And, perhaps unsurprisingly given Sony's recent remarks about sequels and spinoffs, the trailer also gave us a look at a much wider universe for Spider-Man--including some teases for future films.
And, of course, those things that you notice if you're a comic book reader.
The first thing I noticed, which isn't really an Easter egg per se but which bears repeating, is that the trailer does not carry a "Rise of Electro" subtitled with it, as has been widely reported. Some official (or seemingly official) promotional material has featured that subtitle in the international market, but it seems as though here in the U.S., Sony either isn't going to use it or at least hasn't committed to it yet.
Given the prevalence of other villains in this teaser, it kind of makes sense. Rise of Electro as a subtitle would do a disservice to the Green Goblin and Rhino. And it idea of multiple villains, and/or of being outmatched and overpowered seems important to this film...well, you can fill in the blanks.
The mysterious man with a hat who appeared before The Lizard in the post-credits sequence in The Amazing Spider-Man is back--and here we have more or less confirmation that he isn't Norman Osborn, everyone's favorite pick, at the very least, since the body types are different and Osborn appears to be bed-ridden in this film.
The character could be any of a number of people, and we've done some digging through the comics in the past and come out with a few good ideas--but considering the pervasive animal-themed villians in this film (even Electro apparently comes from an eel here), I'm thinking Ezekiel from the J.M. Straczynski run is your safest bet--or Morlun, the yang to Ezekiel's yin.
In the workshop where the Man with the Hat is walking around, we have...oh, crap! Are those The Vulture's wings and Doctor Octopus's arms?
We're getting a kind of clear distinction between Osborn and Osborn here. Even though Norman apparently doesn't take to the glider himself, he's certainly pulling his son's strings to some extent.
While Harry is clearly willing to do what he has to do for...well, whatever end the Goblins have in mind, which isn't yet clear from the trailer...he doesn't like the idea. "What about Peter?" He asks of his childhood friend, only to have his father tell him that not everybody has a happy ending.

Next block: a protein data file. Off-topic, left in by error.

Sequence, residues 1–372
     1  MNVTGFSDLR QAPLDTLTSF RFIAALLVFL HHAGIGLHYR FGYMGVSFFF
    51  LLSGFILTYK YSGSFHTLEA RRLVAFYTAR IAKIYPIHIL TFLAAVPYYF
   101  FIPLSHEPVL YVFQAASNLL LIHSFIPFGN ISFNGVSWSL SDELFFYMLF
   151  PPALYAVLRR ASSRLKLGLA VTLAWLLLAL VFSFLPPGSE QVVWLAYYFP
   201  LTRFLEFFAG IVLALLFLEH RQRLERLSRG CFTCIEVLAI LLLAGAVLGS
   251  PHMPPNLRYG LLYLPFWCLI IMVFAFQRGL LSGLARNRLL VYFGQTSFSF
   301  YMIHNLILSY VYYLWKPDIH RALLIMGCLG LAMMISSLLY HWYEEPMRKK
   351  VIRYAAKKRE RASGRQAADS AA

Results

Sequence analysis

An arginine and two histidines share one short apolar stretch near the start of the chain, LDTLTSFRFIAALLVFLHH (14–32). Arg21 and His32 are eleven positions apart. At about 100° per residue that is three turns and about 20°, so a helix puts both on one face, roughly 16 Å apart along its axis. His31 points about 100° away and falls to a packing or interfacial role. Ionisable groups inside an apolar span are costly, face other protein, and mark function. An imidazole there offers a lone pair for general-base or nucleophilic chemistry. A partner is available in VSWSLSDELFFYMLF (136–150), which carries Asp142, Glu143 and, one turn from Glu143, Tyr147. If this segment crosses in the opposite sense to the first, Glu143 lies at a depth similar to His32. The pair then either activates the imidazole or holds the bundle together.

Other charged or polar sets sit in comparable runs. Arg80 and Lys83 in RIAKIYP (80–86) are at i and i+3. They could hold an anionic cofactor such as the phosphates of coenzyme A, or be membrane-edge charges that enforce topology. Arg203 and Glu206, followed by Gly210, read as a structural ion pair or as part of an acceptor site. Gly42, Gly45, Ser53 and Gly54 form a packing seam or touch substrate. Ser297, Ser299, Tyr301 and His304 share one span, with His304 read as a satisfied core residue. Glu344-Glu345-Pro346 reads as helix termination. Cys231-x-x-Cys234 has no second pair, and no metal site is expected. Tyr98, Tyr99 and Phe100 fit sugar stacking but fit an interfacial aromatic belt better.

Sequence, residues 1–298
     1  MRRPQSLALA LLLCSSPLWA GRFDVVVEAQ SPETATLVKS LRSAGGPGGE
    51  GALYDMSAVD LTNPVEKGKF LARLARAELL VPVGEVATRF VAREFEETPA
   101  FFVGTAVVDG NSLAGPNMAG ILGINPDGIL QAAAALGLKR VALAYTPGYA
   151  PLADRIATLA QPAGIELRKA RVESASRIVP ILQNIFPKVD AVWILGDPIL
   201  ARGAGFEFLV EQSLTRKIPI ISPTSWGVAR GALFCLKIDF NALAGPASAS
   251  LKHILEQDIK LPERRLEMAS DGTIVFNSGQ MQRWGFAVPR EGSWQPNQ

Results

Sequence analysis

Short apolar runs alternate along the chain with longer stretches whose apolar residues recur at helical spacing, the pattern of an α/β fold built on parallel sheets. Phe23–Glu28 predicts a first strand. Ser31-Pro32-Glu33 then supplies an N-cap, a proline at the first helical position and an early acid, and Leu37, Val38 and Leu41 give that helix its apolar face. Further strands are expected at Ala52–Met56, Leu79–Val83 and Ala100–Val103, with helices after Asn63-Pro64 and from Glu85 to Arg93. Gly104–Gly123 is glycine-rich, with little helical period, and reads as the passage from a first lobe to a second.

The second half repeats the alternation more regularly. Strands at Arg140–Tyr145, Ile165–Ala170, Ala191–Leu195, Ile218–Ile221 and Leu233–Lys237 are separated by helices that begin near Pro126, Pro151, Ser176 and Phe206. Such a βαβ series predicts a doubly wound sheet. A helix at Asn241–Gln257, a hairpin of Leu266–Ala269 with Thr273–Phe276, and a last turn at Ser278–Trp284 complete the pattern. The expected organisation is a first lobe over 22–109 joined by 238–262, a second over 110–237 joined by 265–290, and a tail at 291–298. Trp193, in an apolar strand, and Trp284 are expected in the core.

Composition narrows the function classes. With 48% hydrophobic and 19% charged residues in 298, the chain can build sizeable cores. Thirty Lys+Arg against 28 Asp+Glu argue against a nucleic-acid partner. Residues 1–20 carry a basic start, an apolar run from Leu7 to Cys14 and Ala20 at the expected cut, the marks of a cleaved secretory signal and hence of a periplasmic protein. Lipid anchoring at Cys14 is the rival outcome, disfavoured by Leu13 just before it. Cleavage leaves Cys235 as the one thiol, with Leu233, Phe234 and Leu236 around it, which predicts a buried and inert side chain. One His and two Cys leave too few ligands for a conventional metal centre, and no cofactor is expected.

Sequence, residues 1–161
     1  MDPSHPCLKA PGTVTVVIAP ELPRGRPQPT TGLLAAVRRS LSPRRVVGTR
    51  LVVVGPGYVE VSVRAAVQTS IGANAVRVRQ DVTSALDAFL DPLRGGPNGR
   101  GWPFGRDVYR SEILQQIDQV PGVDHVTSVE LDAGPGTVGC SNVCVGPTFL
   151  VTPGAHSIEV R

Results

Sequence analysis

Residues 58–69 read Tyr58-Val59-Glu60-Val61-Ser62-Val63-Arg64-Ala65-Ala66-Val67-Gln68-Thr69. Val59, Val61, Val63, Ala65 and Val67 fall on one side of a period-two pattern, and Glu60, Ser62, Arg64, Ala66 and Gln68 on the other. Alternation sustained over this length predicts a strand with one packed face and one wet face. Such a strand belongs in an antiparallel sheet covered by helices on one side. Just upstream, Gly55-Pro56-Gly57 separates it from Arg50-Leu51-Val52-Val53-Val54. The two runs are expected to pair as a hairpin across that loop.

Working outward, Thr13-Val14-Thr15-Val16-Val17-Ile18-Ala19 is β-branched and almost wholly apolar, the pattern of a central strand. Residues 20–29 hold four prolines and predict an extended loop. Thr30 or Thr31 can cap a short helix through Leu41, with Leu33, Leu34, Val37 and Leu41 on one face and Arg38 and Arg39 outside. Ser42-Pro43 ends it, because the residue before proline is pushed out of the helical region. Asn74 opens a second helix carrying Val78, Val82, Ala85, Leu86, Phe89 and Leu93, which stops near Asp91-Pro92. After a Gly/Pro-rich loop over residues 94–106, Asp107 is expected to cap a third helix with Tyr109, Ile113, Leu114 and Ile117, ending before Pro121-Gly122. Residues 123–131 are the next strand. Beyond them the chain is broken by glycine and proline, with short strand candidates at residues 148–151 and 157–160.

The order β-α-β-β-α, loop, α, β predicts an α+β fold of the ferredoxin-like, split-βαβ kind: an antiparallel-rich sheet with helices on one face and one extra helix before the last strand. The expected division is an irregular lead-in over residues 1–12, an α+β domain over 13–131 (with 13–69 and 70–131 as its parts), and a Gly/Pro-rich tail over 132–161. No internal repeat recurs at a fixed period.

As we've suspected since a version of the movie poster leaked not long ago, The Rhino in this film will join Electro as variations on the Ultimate Universe versions. Gone is the idea of a guy in tights, replaced by a hulking robo-suit with horns and plenty of menace.
Apparently influenced by design elements from Pacific Rim, the Rhino suit begs the question: How do the filmmakers decide which characters are going to have biological powers rather than just toys, especially since all of it supposedly comes from Oscorp playing with animal DNA?
After a notable absence from the first film, The Daily Bugle--Peter Parker's longtime employer in the comics and the Sam Raimi movies--is asserting itself a bit in this movie. The film's viral campaign is designed to look like the Bugle's Tumblr, and a sign in the background of the trailer urges New Yorkers to follow that Tumblr.
Why seven? Well, it's impossible to say without seeing the movie but if we're going to work from the assumption that Oscorp has its fingers in a lot of pies, perhaps this is where the experiments are kept that lead to Spider-Man and the Sinister Six's creations?
Someone with a better knowledge of Ultimate Spider-Man than me might be able to offer an alternate suggestion; it seems as though I remember seeing one of these before and being told that's where they originated.
We've seen Gwen Stacy in this outfit before, haven't we?
And no, not just in the paparazzi photos taken during filming. Emma Stone here is wearing the outfit Gwen was wearing in the comics when she died at the hands of Green Goblin.
In the comics, she was hurled from a bridge and died when her neck snapped after Spider-Man tried to save her (this has been debated, but it's the version I like and I'm writing this, not you).
Sam Raimi's Spider-Man films bastardized that scene a little bit, with Goblin putting Mary Jane in a similar position, but MJ walked out of it alive. The fact that they staged the scene, though, makes it nearly impossible for Marc Webb to faithfully adapt Gwen's death from the comics. Is this outfit just a wink and a nod to that famous story, then, or will something really awful happen to her inside of this clock tower?